Spoilers. The very word is enough to put many readers on edge. Heck, some people probably didn’t click this story simply because of the above picture, combined with the word “spoiler” in the headline. After all, the term is designed to make readers sit up and take notice. Whether it’s bolded, italicized, put in parentheticals or obnoxiously peppered throughout an article, the term “spoiler” has become synonymous with fear. But need it be? How much do spoilers really affect our relationship with a TV show? For that matter, what exactly constitutes a spoiler to begin with?
Well, in its simplest form, the word is meant to indicate an unexpected or drastic plot development that fans may not want to be aware of before watching the episode, season or series involved. But how unexpected or drastic the event needs to be in order to be considered a spoiler is completely subjective. Some people want to know nothing — not casting or even an episode title — while others are fine with just about anything. What makes things more complicated, is there’s no apparent journalistic standard when it comes to spoiling. Certain outlets will list spoilers in headlines while others ban them entirely. (Indiewire has a strict “no unmarked spoiler” policy in all reviews, essays and articles other than episode reviews.)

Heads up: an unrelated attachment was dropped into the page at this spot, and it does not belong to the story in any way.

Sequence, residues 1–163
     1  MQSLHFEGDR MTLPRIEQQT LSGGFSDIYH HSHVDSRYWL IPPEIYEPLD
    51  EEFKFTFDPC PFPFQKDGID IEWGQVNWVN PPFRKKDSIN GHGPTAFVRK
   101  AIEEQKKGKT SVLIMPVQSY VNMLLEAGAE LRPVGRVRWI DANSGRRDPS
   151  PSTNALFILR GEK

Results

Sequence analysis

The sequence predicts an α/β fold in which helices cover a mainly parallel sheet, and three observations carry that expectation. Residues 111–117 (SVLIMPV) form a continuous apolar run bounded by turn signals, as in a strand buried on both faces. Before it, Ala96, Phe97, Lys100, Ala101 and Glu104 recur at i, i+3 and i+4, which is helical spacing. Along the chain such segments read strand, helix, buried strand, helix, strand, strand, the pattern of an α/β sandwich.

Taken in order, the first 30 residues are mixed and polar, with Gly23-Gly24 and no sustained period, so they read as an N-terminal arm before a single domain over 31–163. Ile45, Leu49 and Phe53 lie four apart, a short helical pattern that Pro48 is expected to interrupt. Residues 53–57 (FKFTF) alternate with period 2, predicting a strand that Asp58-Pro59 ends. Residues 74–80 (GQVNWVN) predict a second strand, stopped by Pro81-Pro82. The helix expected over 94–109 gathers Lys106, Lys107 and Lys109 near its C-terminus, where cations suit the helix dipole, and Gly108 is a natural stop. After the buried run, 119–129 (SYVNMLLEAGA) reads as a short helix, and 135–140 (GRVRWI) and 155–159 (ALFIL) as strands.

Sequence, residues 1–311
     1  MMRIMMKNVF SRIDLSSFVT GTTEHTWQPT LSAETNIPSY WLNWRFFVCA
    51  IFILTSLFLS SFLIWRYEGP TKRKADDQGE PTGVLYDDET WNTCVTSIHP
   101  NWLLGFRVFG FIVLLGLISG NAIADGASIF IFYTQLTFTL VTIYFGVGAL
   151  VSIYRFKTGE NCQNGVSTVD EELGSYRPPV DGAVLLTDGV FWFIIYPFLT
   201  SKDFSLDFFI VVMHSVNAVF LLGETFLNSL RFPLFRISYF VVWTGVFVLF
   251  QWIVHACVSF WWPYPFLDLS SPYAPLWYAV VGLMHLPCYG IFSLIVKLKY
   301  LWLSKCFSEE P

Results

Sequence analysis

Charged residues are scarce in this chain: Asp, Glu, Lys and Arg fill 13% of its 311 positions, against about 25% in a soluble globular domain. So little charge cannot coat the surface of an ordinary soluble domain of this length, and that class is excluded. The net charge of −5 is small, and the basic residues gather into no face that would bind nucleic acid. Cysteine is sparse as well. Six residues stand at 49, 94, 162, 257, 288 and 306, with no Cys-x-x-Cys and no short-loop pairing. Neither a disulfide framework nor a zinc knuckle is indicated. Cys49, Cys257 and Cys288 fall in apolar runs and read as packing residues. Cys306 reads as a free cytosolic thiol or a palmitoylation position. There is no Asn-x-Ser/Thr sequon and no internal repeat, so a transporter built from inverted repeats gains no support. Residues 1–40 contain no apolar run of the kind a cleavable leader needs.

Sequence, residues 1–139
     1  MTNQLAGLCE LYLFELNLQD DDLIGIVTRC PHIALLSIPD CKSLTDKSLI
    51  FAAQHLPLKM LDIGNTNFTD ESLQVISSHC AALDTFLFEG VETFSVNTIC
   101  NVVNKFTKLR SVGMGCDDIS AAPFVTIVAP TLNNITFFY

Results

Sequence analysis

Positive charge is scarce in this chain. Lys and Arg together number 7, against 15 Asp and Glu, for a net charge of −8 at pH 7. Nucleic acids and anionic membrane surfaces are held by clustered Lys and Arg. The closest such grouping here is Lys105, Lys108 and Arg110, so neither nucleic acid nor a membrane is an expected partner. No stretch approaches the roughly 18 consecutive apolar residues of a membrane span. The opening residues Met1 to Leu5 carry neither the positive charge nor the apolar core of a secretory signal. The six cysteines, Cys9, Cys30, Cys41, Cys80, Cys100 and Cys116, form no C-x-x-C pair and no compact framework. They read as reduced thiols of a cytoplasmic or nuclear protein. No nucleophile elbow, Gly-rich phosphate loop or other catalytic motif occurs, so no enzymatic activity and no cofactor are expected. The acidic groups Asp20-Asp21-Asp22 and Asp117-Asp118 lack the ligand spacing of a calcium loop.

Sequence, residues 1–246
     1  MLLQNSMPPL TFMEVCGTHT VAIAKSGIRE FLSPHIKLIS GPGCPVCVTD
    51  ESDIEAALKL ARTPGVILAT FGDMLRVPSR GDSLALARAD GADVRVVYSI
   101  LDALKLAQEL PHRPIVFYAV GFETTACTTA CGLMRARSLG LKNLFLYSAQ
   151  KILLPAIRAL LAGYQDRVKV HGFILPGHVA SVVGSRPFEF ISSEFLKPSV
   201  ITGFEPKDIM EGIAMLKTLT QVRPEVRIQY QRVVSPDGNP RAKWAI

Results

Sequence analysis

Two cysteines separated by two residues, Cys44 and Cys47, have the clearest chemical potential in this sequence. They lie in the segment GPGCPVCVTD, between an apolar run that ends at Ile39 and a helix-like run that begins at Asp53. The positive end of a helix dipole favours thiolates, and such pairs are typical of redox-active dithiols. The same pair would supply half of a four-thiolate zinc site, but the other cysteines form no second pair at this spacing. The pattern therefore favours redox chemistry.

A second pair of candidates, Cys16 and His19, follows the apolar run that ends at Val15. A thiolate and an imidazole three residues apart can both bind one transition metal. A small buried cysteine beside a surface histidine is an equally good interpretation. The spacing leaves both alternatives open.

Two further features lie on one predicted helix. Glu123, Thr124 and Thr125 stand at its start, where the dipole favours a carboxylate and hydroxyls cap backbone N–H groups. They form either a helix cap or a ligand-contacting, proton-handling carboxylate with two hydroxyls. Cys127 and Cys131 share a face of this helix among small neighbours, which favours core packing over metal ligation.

All of the above is the subject of this week’s Very Good TV Podcast. Indiewire TV Editor Liz Shannon Miller and TV Critic Ben Travers discuss what the word means to them, how wary they are of being spoiled, some of the worst spoiling moments they’ve encountered and why no one can settle on a general policy to adhere to — other than “Shut the hell up.”
Don’t forget to subscribe to Very Good TV Podcast via Soundcloud or iTunes. Follow Indiewire on Twitter and Facebook for all your pertinent TV news — as well as the latest reviews and analysis on all the best television shows out this fall, not just “The Leftovers” — plus check out Liz and Ben’s Twitter feeds for more, more, more. Plus, don’t forget to listen to Indiewire’s other podcasts, Screen Talk with Eric Kohn and Anne Thompson, as well as Indiewire Influencers, hosted by Editor in Chief Dana Harris and featuring various guests relevant to anyone tracking independent film or entertainment in general.
– Liz takes a deep — and fun! — dive into comic book adaptations and why they’re better served on television.
– Did you catch the latest episode of “The Leftovers”? Amy Brenneman shares Laurie’s secrets in this interview.
– “Fargo” Season 2 is underway. Relish every episode with Indiewire’s reviews.